Yesterday I finally weighed in on the Independence debate. What do you mean, last minute? There is a WHOLE DAY to go yet!
Anyway, I wrote about it on Facebook, and then on tumblr. Then, for good measure I copied it onto a site I’d not seen before, WriteHere.comwhich is easy to join and format free for those who can’t be bothered with the fiddlearseing you have to do on WordPress and have to do a…
I’m an expat living in London UK.
Here’s what I think.
Since the 1999 parliament was established in Scotland the quality of debate in the Scottish parliament has been enviable when you compare it to the braying that goes on in Westminster - for comparison, I watched the debate on No More Page Three, the Scottish parliamentarians were thoughtful and respectful of each other, and the Westminster benchers brayed and scoffed.
The devolution debate has politicised a lot of people. As a life time Labour voter, I think Labour is now Tory lite and I think Westminster is one foot in the dark ages and one foot in the thrall of the corporates, with a constant eye to aping the US. Any vote from me, now, is entirely tactical, which I think is a shame.
Scotland has a chance, now, to step away from the neo liberalist nightmare and in doing so make the UK weaker and less attractive as a warmongering partner for the US, I think that’s worth it for one thing. I think it could mean that England (and Wales etc - or rUK as they are calling us) would have a lot to recover from, politically, but in the current form the Labour party are no longer leftist, so we’d need a rethink from the ground up - assuming anyone on the ground cares any more after being let down by successive govts for such a long time, and by the past year’s debates in Scotland I think that is indeed possible.
It’s interesting that the debate has woken up the North of England, and I think the strength of feeling for a better transport network (HS3 - though HS2 is slated to take 18 years, so hey, lets not hold our breath) between Liverpool, Manchester, and Leeds has been inspired by the groundswell of people power in Scotland.
Even if a No vote is returned, I hope that the consciousness raising that appears to have happened can be turned toward parliamentary reform and political awakening. In 1979 I think independence would have been a small minded England hating move, 1998 paved the way for an enviable Scottish parliament which, if you watch on youtube you can see how much more civilised it is than Westminster, and this time round I think it’s a lot about how Westminster fails to represent ordinary people anywhere in a way in which the Scottish parliament already does, and I’m guessing the Welsh one does too, though I’ve not seen footage.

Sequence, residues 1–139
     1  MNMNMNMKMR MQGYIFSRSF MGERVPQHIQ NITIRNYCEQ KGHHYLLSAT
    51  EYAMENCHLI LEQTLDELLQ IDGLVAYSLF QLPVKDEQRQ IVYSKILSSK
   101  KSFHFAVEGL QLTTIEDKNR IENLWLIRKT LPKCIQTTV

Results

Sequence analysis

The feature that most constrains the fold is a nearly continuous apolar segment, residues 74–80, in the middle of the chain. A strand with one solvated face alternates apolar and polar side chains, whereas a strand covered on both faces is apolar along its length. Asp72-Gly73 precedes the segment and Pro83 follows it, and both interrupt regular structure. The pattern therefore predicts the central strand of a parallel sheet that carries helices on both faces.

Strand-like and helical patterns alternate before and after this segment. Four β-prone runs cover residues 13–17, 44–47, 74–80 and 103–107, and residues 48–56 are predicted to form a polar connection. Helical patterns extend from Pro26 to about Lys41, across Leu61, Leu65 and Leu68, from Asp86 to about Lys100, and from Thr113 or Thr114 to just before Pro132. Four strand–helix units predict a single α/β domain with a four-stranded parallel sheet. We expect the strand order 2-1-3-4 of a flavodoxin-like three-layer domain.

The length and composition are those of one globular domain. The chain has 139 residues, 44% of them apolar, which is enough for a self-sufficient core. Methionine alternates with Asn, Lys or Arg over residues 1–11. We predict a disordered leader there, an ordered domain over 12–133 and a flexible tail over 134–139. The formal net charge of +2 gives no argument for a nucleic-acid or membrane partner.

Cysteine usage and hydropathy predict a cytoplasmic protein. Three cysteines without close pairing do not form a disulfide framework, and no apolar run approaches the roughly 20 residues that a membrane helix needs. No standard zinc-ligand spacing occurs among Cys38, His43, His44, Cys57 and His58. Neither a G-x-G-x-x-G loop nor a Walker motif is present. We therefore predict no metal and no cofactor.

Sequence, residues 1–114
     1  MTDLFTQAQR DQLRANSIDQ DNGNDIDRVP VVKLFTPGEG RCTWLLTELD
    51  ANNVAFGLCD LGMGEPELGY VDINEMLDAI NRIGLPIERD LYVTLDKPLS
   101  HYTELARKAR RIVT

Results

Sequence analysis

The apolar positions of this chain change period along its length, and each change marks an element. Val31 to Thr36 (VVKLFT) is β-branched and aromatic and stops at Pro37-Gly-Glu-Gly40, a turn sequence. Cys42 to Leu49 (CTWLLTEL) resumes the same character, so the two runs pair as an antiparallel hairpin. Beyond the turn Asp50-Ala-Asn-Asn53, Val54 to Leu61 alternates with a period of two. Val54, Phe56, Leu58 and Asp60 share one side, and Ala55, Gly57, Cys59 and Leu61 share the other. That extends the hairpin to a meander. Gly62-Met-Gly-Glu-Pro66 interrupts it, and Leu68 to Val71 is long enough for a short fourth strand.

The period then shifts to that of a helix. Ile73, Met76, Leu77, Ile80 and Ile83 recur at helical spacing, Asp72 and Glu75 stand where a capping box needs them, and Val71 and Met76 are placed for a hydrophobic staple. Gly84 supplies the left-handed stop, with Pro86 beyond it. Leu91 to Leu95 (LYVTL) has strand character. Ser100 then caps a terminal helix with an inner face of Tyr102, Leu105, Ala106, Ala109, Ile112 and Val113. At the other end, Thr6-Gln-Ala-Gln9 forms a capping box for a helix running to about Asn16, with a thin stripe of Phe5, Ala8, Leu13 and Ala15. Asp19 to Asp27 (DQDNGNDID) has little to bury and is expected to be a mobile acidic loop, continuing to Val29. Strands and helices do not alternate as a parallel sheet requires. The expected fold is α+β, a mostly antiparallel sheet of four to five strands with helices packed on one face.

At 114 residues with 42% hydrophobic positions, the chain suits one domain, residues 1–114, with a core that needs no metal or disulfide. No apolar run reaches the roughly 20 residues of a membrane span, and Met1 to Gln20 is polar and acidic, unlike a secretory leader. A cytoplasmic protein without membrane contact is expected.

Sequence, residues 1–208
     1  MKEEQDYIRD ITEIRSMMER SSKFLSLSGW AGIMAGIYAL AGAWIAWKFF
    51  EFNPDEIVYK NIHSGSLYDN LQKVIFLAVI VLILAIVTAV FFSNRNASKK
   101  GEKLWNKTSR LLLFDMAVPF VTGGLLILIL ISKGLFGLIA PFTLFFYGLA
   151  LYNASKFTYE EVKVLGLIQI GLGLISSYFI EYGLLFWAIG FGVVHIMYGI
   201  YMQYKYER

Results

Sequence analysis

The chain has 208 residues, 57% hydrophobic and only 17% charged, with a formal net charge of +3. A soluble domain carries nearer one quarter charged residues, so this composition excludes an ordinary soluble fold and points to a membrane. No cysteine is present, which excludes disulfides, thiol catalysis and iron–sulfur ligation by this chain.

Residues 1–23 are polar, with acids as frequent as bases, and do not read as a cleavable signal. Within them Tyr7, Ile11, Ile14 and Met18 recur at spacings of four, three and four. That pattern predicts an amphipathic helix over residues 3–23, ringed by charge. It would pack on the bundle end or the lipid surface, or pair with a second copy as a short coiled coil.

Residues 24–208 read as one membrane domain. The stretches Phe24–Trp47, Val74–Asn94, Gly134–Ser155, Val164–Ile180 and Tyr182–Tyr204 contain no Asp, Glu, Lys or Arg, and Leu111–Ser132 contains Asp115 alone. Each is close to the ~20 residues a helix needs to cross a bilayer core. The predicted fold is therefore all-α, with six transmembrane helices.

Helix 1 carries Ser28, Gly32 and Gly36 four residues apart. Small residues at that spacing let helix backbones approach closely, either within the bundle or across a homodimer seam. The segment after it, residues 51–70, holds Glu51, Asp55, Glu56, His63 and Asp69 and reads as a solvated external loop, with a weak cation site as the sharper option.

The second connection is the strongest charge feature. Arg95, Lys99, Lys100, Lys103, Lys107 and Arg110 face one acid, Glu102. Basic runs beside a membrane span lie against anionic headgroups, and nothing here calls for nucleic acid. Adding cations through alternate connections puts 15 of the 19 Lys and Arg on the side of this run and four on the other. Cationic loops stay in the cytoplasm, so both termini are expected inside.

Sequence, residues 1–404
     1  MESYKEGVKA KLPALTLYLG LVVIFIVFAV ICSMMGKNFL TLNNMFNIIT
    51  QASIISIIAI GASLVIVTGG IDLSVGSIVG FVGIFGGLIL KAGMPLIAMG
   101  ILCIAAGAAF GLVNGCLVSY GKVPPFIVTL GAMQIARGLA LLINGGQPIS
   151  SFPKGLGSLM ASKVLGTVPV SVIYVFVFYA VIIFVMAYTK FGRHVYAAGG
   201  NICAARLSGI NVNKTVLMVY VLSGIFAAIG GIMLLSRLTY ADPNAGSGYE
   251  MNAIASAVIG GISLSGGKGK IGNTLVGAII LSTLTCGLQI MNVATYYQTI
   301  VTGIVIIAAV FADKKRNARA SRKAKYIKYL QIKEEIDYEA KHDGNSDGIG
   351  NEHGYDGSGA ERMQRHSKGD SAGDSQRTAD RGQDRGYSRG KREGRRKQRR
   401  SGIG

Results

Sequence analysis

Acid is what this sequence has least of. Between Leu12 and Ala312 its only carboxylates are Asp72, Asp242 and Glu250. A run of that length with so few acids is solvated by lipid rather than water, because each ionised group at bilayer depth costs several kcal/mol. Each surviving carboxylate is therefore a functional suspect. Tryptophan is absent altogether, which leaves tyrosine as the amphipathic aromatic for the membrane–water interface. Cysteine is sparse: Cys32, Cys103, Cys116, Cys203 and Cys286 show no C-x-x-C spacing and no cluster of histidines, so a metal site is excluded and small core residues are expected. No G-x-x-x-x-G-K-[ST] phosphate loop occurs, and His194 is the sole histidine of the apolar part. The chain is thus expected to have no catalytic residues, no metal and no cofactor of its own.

I’ve been following the discussion for over a year. I’ve heard no radio and seen no tv. Everything I know has been from following discussions on facebook and the links to blogs and articles. I do know some No voters, but I’ve mainly heard what Yes campaigners have said. From what I have heard the press and TV have been mostly biased towards No, but the No campaign itself has been very weak, and the TV advert that I’ve seen here was a waste of money from the No campaign since it makes Scots look stupid and that’s no way to make a sale, buddy.
I look at it from my own point of view here in London and I think the state of politics here is stale, right wing, and entirely in thrall to the US and corporations. For me, entirely as someone resident in London, this debate has all been about that, but I know it’s central to a lot of Scottish thinking, too. At first I thought we’d be screwed if Scotland left, they contribute 41 Labour MPs out of a total of 59 Scottish MP’s (currently also 6 SNP and 1 tory).
Then I started seeing an advantage in being weakened on the world stage, and then the other day I saw an article about the groundswell of grassroots campaigners pushing for HS3 (the Northern Hub). Best idea I’ve heard in decades! The BBC have invested in Salford, the North is crying out for such investment, far better than a sporting event or city of culture, a high speed rail link could change this country forever. Even as a Londoner, I think this country is way too London centric.
Also, Westminster needs to be turned into a museum, with it’s shouting enabled confrontational benches, and we need a physically different set up as well as a re-think of politics overall if the people are to actually be represented in what has become a fake democracy. Scotland can, in fact, show us the way, whether in gaining independence, or as part of the UK, having worked so hard and articulated issues that affect ordinary people everywhere.
Best ever animated gifs?
Friday was ridiculously hot. It was Zone 1 London in the summer hot, with that intimation of hosepipe bans and the feel that it could be one of those summers where fans sell out and people start whining about it being TOO HOT.
I don’t like to be a curmudgeon, and while my mind is of a cloudy turn, my body certainly behaves better in the warm, but now that we’ve moved house a fair few things…
Sign the petition here
In a previous iteration I was pretty active for a non sporty type. Like, I started swimming regularly because there was a laundry at my local pool at St George’s. A large load bought me a 40 minute swim. I don’t hate laundrettes, in fact, when I was a kid my mum was friends with the lady who worked at the laundrette and I got to see backstage, which I found entrancing. I pretty much love the back…
Engineering Science, Oxford University